Bulkhead door to the saloon cabin.

Slightly staggered port and stbd settee berths with a side board at the aft end of the stbd settee and at the fwd end of the port settee, original drop-leaf teak table between.

Part enclosed pilot berth up behind the settee berths each side. Water tanks under the pilot berths.

Sky-light above.

Slightly stbd off-set Refleks diesel fired cabin heater with s/s flue to deck against the fwd bulkhead.

Slightly port off-set bulkhead door forward, step up in the cabin sole, to a double berth to port and heads compartment to stbd.


The double berth is set quite high due to the forward hull sections, allowing space for 4 large drawers below the berth.


Heads compartment to stbd is surprisingly big with original Simpson Lawrence Kentigern sea toilet rebuilt by SL Spares in 2008 connected to a 25 litre stainless steel holding tank.

Porcelain hand basin with H&C in a surface along the ship’s side with lockers below and mirrored locker doors above.


Fore peak has ample stowage essential for long distance passages or extended live-aboard. Massive Sampson post down the middle, seat lockers each side, shelves forward. 2nd sea toilet forward.


Chain locker alongside the mast to stbd bringing the chain weight well back into the hull.


Good head-room throughout the yacht with over 6’ in the saloon cabin and lobby, a little less in way of the main mast increasing forward.


Fresh water in 3 stainless steel tanks with approx 800 litres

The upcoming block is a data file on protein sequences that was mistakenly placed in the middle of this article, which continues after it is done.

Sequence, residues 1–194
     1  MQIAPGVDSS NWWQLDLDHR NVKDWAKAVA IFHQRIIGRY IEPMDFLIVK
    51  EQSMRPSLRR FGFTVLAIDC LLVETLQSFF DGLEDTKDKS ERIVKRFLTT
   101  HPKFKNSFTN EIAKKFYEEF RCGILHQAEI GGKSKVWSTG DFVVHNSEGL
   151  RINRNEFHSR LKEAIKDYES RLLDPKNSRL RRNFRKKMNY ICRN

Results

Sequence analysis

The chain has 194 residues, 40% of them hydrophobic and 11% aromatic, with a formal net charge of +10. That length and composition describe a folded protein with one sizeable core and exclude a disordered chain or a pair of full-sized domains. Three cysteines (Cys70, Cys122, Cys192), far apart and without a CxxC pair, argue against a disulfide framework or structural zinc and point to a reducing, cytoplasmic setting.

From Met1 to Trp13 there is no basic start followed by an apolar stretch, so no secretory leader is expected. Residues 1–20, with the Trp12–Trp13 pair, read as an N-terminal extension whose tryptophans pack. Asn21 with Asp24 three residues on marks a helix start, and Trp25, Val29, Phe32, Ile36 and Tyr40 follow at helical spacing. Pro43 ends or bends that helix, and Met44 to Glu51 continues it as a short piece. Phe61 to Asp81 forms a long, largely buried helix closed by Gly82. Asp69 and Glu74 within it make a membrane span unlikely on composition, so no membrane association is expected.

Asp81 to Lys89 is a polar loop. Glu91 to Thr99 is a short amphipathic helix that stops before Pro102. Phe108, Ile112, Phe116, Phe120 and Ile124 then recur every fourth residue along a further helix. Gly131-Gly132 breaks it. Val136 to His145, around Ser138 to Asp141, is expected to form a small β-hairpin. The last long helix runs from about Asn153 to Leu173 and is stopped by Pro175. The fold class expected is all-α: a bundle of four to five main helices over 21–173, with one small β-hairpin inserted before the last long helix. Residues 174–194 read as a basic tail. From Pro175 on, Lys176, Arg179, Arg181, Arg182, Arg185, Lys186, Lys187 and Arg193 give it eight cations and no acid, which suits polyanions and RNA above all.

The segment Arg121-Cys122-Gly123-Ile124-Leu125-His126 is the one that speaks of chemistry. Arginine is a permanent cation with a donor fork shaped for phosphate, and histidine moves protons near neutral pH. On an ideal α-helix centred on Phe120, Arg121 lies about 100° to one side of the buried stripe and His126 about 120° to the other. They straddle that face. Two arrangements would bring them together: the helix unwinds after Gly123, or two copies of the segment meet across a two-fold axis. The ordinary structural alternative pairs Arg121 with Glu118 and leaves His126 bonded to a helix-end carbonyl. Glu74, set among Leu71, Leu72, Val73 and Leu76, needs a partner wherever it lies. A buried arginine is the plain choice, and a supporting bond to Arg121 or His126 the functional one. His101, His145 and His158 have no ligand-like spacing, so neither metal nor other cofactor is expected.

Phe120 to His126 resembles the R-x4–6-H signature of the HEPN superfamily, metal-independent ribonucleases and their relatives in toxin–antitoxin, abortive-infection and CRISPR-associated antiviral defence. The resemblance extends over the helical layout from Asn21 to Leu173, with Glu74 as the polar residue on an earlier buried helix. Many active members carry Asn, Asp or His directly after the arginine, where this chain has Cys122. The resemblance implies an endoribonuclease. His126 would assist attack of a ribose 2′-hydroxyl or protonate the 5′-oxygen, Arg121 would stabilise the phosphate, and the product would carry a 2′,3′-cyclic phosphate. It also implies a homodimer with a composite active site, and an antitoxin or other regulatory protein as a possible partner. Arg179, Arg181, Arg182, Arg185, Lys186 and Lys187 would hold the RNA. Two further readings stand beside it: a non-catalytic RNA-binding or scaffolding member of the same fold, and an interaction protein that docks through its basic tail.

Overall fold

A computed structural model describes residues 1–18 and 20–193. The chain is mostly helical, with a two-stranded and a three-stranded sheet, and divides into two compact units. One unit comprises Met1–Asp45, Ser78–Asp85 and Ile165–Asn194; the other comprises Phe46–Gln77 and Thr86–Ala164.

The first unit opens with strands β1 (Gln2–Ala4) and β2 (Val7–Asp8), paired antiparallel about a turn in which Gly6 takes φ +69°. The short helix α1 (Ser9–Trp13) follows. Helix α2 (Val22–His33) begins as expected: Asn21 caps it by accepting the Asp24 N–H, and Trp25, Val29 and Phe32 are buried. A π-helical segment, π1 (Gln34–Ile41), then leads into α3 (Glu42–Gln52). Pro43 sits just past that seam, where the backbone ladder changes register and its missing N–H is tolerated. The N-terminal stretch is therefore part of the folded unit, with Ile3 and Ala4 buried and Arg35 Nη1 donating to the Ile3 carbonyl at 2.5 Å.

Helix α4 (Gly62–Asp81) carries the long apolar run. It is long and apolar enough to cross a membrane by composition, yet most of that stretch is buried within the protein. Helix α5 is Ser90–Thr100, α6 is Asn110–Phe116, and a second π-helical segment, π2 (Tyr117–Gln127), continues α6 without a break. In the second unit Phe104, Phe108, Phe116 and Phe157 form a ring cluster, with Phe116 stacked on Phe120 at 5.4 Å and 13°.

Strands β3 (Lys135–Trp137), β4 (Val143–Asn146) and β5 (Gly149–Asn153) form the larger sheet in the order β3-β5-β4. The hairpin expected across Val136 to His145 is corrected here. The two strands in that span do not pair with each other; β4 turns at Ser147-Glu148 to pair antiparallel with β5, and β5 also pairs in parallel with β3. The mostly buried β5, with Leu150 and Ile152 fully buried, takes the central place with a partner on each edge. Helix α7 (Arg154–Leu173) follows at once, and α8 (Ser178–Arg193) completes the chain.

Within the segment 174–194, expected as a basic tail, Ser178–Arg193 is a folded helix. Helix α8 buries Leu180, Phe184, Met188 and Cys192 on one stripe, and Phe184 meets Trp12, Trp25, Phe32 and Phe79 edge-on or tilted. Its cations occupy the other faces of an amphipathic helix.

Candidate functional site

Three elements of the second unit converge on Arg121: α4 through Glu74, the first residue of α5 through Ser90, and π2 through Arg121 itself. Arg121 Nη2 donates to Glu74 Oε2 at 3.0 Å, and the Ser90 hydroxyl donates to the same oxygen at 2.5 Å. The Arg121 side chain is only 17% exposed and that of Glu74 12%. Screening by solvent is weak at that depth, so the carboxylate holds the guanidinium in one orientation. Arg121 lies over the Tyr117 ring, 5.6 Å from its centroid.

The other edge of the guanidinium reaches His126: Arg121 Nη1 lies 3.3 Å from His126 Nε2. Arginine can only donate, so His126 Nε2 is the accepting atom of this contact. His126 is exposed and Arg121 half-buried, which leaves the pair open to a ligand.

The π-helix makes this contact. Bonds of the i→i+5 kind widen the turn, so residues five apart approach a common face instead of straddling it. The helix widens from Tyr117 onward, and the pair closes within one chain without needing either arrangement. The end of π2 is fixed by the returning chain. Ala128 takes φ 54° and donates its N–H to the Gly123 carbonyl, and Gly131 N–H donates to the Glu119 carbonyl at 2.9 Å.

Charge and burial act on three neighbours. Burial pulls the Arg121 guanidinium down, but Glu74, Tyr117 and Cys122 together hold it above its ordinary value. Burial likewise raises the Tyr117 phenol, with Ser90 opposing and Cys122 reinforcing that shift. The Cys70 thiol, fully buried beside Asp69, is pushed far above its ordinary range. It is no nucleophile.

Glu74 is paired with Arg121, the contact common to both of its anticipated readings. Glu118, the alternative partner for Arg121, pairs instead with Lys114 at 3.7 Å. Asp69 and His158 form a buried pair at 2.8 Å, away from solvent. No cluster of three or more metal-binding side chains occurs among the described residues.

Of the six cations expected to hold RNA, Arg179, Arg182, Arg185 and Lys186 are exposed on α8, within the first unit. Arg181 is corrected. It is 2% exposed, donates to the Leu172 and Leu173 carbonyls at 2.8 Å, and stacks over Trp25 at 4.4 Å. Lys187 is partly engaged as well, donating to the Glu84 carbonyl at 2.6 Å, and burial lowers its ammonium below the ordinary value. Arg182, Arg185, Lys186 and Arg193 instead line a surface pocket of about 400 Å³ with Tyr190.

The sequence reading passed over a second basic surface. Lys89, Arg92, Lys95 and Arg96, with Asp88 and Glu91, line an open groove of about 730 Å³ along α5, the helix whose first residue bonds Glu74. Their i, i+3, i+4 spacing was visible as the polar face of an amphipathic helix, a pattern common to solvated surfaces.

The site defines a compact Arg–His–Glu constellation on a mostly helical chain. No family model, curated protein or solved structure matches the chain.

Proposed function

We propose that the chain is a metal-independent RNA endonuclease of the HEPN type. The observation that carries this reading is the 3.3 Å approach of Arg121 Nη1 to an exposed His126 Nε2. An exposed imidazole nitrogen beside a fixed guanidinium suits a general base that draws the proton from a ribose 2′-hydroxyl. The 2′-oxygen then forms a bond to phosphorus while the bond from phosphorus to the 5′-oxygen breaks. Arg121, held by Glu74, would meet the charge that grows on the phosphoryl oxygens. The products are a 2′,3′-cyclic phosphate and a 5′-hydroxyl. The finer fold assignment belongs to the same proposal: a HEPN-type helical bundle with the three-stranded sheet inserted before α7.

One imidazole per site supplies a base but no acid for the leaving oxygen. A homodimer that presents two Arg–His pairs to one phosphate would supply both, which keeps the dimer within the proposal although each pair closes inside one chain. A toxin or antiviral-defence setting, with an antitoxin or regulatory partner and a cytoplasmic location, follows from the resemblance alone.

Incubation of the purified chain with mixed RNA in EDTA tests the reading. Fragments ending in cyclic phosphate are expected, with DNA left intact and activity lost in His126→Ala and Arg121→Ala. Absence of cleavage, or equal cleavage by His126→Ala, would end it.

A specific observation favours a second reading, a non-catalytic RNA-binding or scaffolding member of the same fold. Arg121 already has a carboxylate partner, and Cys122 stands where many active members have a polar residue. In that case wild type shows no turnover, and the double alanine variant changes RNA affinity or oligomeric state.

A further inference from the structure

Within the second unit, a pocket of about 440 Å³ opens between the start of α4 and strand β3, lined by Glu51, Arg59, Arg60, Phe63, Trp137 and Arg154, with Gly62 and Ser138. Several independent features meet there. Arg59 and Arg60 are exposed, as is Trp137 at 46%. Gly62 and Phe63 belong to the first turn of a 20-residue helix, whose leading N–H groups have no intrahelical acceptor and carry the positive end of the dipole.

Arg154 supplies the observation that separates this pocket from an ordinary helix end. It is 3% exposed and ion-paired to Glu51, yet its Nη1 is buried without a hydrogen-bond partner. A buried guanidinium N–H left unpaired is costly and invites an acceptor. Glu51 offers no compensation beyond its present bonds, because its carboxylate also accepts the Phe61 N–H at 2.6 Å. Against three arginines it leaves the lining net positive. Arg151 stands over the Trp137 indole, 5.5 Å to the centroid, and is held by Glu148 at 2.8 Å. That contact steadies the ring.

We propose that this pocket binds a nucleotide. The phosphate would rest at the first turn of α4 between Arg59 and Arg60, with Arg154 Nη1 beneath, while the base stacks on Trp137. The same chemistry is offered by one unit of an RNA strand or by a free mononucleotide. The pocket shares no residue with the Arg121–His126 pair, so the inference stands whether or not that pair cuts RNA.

25 litre colorifier tank heated by coil from the engine cooling water and 240v immersion heater.


All hull structure clearly visible and accessible throughout the boat. Excellent ventilation with bronze mushroom vents forward and aft + large vent aft into the engine room.

Varnished deck-beams, white painted deckhead and T&G bulkheads, varnished mahogany trim to the bulkheads. Simple, clean-lined styling typical of the period she was built. Great care has been taken to reuse the original fittings such as 1930’s glass cupboard door handles, proper brass hinges with stainless steel pins, a custom-made steel stand for the diesel cabin heater avoid any fuel loss and dirt etc. The interior was completely rebuilt in the 2008 refit and although the basic lay-out is as built the quality and finish is much superior.


Navigation equipment.

Steering compass

Simrad NX40/45 chart plotter

Simrad RS81/82 VHF radio

Clock and barometer.


Seame Active radar reflactor

Plastimo Cruiser ORC 6-man life raft

Westmarine Life sling

2 life buoys

6 life jackets

Deck safety jack-stays.

2 x 12v auto bilge pumps

Manual bilge pump


Fisherman’s anchor

Good quantity chain.

Inflatable dinghy

Cock-pit cover

All-over winter cover.

Warps and fenders